There have been many books written about Mary, Queen of Scots, not to mention plays and films, such is her reputation for great beauty and courage in the midst of the many dangerous situations in which she found herself, not least being held captive by Elizabeth 1 for many years.
This book differs from most in that well over a third of the story concerns Mary’s life before she returned to Scotland to claim her throne. Mary’s life at the French court where she was to marry the Dauphin Francis, son of King Henri and Catherine de Medici will thus be unfamiliar territory for many readers.
The story is told in the first person by Lady Ginette De Hautpre, lady in waiting to Mary along with the four Marys of legend and song. Early in the story Ginette, or Jenny as she is known, overhears what she takes to be a plot to poison those whom Catherine de Medici considered her enemies. Jenny resolves to spy for Mary to protect her. Mary’s marriage to the Dauphin is shortlived as he dies soon after and her position at the French court becomes untenable. After her mother’s death Mary resolves to return to Scotland and claim her throne. Her illegitimate half brother Lord James Stuart and other nobleman are not enamoured of this plan, but Mary is welcomed and begins to rule. All the while Jenny continues to look out for Mary, while being very attracted to Sir Duncan Alexander, a Scottish nobleman who, she does not trust completely. Meanwhile Mary marries Lord Darnley and her story takes its well known path with the murder of David Rizzio, the birth of James I of England, followed by Darnley’s killing, and Mary’s subsequent ill-fated marriage to James Bothwell which leads to civil war and the flight to England.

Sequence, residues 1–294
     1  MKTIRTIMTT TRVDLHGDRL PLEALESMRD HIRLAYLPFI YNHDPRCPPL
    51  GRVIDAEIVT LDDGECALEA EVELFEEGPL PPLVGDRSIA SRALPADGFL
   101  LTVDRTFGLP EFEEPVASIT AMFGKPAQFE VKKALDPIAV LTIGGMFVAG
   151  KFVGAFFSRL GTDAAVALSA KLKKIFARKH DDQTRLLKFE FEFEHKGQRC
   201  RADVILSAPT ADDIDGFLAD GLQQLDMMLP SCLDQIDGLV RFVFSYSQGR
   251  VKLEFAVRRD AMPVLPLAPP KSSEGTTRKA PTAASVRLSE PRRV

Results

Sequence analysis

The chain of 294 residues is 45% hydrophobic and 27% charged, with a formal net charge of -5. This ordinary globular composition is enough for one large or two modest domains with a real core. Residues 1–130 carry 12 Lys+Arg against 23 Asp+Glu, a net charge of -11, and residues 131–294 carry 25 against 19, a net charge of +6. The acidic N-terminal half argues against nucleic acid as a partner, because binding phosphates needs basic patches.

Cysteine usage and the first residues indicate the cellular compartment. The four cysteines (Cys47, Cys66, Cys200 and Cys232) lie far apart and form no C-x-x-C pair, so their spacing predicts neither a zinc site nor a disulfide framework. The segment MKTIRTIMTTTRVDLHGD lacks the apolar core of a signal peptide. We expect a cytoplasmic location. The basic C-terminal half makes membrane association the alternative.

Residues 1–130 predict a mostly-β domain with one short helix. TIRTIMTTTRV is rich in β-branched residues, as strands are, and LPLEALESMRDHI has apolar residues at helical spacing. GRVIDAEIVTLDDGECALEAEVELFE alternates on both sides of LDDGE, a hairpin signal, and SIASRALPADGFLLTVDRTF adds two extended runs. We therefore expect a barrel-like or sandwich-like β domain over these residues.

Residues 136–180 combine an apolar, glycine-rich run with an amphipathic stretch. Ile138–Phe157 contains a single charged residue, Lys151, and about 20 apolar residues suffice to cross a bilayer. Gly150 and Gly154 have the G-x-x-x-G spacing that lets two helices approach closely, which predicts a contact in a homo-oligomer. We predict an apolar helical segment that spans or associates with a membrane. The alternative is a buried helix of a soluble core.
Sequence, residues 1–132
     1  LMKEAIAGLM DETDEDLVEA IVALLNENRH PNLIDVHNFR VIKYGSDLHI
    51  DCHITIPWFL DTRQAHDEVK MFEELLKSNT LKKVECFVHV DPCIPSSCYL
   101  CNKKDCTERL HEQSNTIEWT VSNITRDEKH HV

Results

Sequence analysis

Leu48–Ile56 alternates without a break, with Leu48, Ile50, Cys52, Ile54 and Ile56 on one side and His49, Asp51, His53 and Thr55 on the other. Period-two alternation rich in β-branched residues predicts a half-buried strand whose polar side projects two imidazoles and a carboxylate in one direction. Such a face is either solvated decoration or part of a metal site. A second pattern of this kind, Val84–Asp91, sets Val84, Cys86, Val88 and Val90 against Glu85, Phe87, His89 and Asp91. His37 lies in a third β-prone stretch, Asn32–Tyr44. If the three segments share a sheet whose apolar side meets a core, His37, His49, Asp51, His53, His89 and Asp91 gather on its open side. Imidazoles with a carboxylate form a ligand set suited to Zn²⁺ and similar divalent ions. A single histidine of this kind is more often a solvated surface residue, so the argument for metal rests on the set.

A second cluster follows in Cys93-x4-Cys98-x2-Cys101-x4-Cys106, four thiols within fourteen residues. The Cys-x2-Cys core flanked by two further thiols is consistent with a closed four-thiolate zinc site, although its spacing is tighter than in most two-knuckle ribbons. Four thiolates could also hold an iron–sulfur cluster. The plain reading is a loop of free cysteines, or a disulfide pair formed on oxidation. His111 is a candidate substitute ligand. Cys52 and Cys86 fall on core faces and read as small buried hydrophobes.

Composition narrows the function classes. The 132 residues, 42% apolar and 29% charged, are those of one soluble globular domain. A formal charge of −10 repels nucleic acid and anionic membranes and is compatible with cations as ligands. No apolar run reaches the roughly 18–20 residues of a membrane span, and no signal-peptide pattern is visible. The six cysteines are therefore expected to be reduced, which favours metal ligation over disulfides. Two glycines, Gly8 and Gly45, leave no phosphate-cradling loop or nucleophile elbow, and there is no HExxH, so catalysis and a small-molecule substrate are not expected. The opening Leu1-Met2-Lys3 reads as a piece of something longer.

The first part of the book suffers somewhat from the complex historical background of the French and Scottish monarchies, with people telling each other things in order to inform the reader, rather than the reader being able to absorb this background in other ways (which is the real skill of good historical fiction). But once into its stride, the spell that Mary casts draws the reader into her life. Beautiful and naïve though she was, her plight cannot fail to involve the reader emotionally. The story ends with her flight to England, with a postscript of her last words, spoken at Fotheringay.
Jenny is presumably a fictional character, in a landscape peopled with real historical figures, but she fits well into it, and her loyalty and love for Mary shine through. The feuds and factions of the Scottish court are clearly outlined, so that the reader understands how difficult it must have been for anyone to rule, let alone a young and naïve woman with questionable judgment. Telling as it does of Mary’s life before she returned to Scotland, this novel stands well alongside Mollie Hunter’s You Never Knew Her as I Did (1981), about Mary’s imprisonment and escape from Lochleven Castle.